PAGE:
Mohammad Mojtahed Shabestari is one of the world’s most important contemporary Shia clerics. In this lengthy interview with Fatma Sagir, the Iranian philosopher and theologian speaks about the complex relationship between state and religion, and about the effects of coercion and regulation in matters relating to faith. In the second part of this interview, Shabestari speaks about the compatibility of Islam and Democracy, and about how the Iranian revolution affected his philosophy.
You were in Germany between 1968–1977. You were already involved in Christian-Islamic dialogue back then at a time when such a thing wasn’t even being discussed. What memories do you have of that time?
Mohammad Mojtahed Shabestari: We got together at that time as Christians, Jews and Muslims to engage in interreligious dialogue. For us as Muslims this was still new, a novel experience for all of us. It made quite an impression on me. I discovered that it wasn’t enough to study one another’s sources or just simply to read things about others. These personal meetings were more important, more instructive. I have happy memories and I learned a lot from the experience.
You went from that experience back to an Iran that was undergoing some very turbulent times. You went through a lot there and decided to remain. The Islamic world claims that Islam is also political or that it could form the basis of a political system. This is a view that conflicts with how the West sees the role of the state and the belief that the state and religion should be separate. Is the situation in the Islamic world one that concerns you?
Shabestari: I understand what you are saying. It does greatly concern and worry me that there are many areas, be it in academic or political discourse, where Islam is seen more in terms of a political institution than a religion. In my opinion, Islam is a religion in every sense, not a political agenda. No, Islam is a world religion; as such it can give political impetus to Muslims today, but that is not the case with Islam only, Christianity and Judaism are also political in that sense. I see Islam as a religion with many dimensions: mystic, religious, artistic, philosophical, legal and so on. As a religion it can also provide inspiration for the creation of a fair and democratic state, but that the religion itself should constitute a political agenda, that is something that is incomprehensible to me.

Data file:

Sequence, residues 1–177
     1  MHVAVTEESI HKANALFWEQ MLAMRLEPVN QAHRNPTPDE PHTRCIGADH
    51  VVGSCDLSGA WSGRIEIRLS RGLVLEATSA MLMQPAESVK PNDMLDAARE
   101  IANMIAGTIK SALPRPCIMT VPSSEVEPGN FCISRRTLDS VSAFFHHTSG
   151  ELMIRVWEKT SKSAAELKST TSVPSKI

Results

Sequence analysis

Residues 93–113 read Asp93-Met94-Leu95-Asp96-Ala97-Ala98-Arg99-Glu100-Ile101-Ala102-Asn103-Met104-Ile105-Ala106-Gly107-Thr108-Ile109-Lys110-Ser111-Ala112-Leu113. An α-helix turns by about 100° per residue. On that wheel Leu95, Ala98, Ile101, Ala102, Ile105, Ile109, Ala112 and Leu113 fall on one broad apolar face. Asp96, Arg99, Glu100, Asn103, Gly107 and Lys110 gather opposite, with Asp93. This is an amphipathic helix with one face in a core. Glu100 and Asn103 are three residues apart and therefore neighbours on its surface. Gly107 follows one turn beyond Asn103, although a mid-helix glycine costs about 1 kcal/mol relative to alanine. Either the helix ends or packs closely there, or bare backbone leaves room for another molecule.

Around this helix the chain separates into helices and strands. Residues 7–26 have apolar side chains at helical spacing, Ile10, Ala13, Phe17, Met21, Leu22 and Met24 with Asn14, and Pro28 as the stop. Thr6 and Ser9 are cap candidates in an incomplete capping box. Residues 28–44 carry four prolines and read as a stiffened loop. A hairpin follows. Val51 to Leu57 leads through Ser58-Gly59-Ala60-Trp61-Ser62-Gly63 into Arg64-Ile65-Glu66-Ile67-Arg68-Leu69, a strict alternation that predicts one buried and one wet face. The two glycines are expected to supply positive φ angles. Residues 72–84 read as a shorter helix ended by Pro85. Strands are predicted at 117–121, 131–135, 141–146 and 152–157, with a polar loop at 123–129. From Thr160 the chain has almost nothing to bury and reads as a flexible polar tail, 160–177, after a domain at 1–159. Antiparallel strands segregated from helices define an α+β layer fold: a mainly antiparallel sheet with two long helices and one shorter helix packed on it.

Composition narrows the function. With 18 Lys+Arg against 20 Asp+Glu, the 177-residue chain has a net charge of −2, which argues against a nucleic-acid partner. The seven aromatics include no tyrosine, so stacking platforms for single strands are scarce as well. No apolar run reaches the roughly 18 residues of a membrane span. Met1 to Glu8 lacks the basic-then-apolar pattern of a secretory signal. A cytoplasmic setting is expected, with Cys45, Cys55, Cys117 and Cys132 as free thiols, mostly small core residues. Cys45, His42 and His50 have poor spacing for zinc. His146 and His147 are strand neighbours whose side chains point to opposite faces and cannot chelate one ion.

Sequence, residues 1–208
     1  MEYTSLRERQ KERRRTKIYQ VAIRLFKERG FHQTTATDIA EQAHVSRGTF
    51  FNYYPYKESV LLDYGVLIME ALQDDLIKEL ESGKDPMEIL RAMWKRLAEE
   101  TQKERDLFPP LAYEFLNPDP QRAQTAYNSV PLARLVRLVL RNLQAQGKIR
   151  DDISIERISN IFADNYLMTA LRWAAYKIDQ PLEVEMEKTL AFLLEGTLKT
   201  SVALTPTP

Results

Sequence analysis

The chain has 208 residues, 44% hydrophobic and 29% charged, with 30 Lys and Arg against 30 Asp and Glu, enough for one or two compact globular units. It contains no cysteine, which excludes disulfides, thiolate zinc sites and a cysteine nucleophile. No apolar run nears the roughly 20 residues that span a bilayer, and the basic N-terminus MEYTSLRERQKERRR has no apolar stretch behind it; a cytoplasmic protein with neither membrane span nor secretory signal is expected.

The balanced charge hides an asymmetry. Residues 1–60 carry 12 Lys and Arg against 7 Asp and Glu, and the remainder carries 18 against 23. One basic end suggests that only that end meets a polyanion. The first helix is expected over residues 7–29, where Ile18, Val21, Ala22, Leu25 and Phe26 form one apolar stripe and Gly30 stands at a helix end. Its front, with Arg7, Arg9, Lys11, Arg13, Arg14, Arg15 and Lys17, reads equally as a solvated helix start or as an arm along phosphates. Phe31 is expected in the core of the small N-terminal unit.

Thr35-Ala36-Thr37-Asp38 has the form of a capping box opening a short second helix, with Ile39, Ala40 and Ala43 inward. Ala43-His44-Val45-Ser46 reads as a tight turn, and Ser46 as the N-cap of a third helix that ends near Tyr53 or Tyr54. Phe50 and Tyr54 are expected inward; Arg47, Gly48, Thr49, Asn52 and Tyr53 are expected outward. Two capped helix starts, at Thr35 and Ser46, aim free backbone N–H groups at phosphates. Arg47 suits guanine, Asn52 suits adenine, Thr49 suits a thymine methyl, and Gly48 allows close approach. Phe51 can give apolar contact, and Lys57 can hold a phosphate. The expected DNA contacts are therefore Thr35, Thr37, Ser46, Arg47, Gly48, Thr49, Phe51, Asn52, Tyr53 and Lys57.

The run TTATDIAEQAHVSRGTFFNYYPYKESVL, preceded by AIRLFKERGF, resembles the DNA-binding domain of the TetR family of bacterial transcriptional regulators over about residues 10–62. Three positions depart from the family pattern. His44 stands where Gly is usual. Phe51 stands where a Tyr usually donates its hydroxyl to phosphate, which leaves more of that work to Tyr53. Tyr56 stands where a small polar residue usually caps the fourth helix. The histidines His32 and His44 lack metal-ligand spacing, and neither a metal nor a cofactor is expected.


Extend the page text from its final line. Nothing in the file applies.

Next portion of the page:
Why do you think it is that this view is shared by large portions of the Islamic world, even by simple public opinion, and this has also been the reception in the West? There is the idea that an Islamic state is what is wanted and that the Koran is being used to validate this.
Shabestari: (Long pause) It could possibly be put down to the keenness of Islamic countries to modernise in the wake of their experiences with colonialism. Because this failed, however, some people have been won over to the idea that in order to preserve one’s identity it is necessary to go back to the past, to return to one’s roots, if we are to protect ourselves in a world of conflict. It is a way of thinking that I reject. If this kind of thinking means that we want to re-establish past political, social and economic systems because we have nothing new to put in their place, then I, like many others, do not accept it. If, however, a reorientation were to take place, a move towards developing political and moral principles and to erecting an appropriate contemporary state system on the basis of these principles, then I would be in favour. Many Muslims misguidedly believe that falling back on earlier systems is the best way of surviving the present.